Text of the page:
I’ve been trying to write this for weeks, but I’d keep falling asleep while I was trying to type.

There are so many things to talk about and explain. It’s impossibly hard for me to watch how much pain I am placing my family and friends in as they watch me deteriorate. I’m even surprised by that. Most of the time it’s hard to imagine I’m in hospice (at least my vanity likes me to think so.) But as more and more medical equipment begins to fill my bedroom, I’m starting to think it might be true.

Wednesday it looked like I was ready to die in a week or so. I was hunched over and I was unstable when I walked. I was horrified as I realized I was starting to look like I belong here, on a road of transitions. Its heartbreaking. I manage more grief then anyone realizes. My loss is incredible and sometimes I let myself feel the burden of all of it so I maintain my sanity. We need to feel the intensity of our emotions sometimes, or we will loose site of our humanity.

Odd to be using face lotion and notice that its running out and think to myself, “should I buy a new one, or will this make it?

I feel overwhelmed when I try and think about what I should leave for the boys to remember me by. I freeze when I think of the enormity of the task. How can I put all of my love into some kind of momento? My heart breaks when I see my husband break down. My sons, 2 amazing human beings have been living within the all consuming grip of cancer since 8 and 5th grade. They are now 27 and almost 25.

But, as they have said, they appreciate how this has taught them to appreciate and make time for those they love and they like how hospice actually gives them time to say goodbye. They’ve taken turns in small ways of taking care of me. Luke and Jacqueline were phenomenal when they were here last week. Ranen does small things to show he cares and is noticing.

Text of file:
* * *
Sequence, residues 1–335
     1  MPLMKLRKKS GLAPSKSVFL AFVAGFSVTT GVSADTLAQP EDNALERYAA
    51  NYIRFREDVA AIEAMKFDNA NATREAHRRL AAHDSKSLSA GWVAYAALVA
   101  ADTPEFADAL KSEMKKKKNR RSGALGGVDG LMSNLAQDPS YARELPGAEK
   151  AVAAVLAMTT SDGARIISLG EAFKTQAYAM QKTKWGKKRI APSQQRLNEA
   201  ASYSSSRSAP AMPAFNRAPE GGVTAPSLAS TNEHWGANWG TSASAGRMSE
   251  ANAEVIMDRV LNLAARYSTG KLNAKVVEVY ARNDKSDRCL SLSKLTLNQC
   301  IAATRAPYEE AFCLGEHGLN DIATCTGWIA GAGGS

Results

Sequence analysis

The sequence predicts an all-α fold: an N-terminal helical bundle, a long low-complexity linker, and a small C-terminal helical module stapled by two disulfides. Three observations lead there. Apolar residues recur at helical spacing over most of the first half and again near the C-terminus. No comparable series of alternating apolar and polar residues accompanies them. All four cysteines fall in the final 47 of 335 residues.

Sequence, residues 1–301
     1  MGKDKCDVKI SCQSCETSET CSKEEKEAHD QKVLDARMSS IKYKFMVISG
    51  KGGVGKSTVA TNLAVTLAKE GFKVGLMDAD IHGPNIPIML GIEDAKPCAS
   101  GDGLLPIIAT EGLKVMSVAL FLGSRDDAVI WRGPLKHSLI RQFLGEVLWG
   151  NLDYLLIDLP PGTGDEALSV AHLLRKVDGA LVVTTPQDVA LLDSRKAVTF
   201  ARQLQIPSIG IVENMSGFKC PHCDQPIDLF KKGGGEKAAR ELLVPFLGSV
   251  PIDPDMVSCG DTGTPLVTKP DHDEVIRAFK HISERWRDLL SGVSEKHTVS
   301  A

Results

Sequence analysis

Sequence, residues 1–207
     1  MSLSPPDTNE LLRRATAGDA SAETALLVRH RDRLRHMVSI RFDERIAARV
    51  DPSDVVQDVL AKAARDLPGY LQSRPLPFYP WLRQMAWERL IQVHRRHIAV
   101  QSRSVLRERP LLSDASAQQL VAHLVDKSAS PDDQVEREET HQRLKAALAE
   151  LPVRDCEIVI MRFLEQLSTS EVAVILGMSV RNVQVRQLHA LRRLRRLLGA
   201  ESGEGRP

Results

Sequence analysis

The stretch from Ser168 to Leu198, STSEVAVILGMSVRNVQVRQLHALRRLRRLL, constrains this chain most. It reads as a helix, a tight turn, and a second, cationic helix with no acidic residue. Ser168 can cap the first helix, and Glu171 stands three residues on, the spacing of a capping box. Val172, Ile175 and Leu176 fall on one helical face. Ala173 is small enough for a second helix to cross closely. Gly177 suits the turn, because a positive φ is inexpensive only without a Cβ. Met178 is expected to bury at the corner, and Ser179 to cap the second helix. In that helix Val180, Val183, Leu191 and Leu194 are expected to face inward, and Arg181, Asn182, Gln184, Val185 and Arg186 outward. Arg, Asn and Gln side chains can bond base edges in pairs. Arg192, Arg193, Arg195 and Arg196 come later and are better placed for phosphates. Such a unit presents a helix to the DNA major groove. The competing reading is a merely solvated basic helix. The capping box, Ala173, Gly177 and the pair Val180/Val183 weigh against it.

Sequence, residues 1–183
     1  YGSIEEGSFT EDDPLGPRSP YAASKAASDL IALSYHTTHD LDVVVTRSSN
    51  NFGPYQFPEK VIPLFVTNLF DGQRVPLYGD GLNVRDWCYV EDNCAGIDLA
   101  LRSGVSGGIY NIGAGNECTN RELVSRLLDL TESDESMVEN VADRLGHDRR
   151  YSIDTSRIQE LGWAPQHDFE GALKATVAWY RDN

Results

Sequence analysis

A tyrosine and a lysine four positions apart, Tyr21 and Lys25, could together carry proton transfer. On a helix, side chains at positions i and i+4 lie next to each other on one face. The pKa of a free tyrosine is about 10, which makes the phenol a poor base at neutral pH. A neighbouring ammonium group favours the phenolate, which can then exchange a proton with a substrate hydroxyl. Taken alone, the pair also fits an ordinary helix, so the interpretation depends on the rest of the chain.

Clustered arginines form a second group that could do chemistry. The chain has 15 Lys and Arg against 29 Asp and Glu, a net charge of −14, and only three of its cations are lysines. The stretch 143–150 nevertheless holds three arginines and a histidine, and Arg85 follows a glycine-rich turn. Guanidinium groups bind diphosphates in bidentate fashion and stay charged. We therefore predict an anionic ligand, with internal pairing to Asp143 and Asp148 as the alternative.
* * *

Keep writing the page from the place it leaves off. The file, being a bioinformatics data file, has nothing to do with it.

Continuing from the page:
I think I still have a ways to go before I die. I plan to still be here for our May event. But if there is anything I’ve learned about this disease it’s how fast things change. I test my will and we’ll see how far my body will take me. Each week there are small changes I hate to see. But, I focus on the present as much as I can. I continue to advocate for mbc.

37 thoughts on “Early Evening

  1. I stare at this comment box and know that it can never contain all that I would like to say or hope to make you feel. Your soul will be so welcomed whenever it moves to its next place for it is beautiful and wise, generous and true. Just like you.

  2. Judy, we have never met in person but you are a friend that I connect with. This is beautiful. I think you’re pretty darn amazing!

  3. Judy-
    So much love and grace in this post. You have taught your family, friends and care teams so well. Know that many of us are praying each day that you get the moments you want and find the words you are looking for with your family and friends.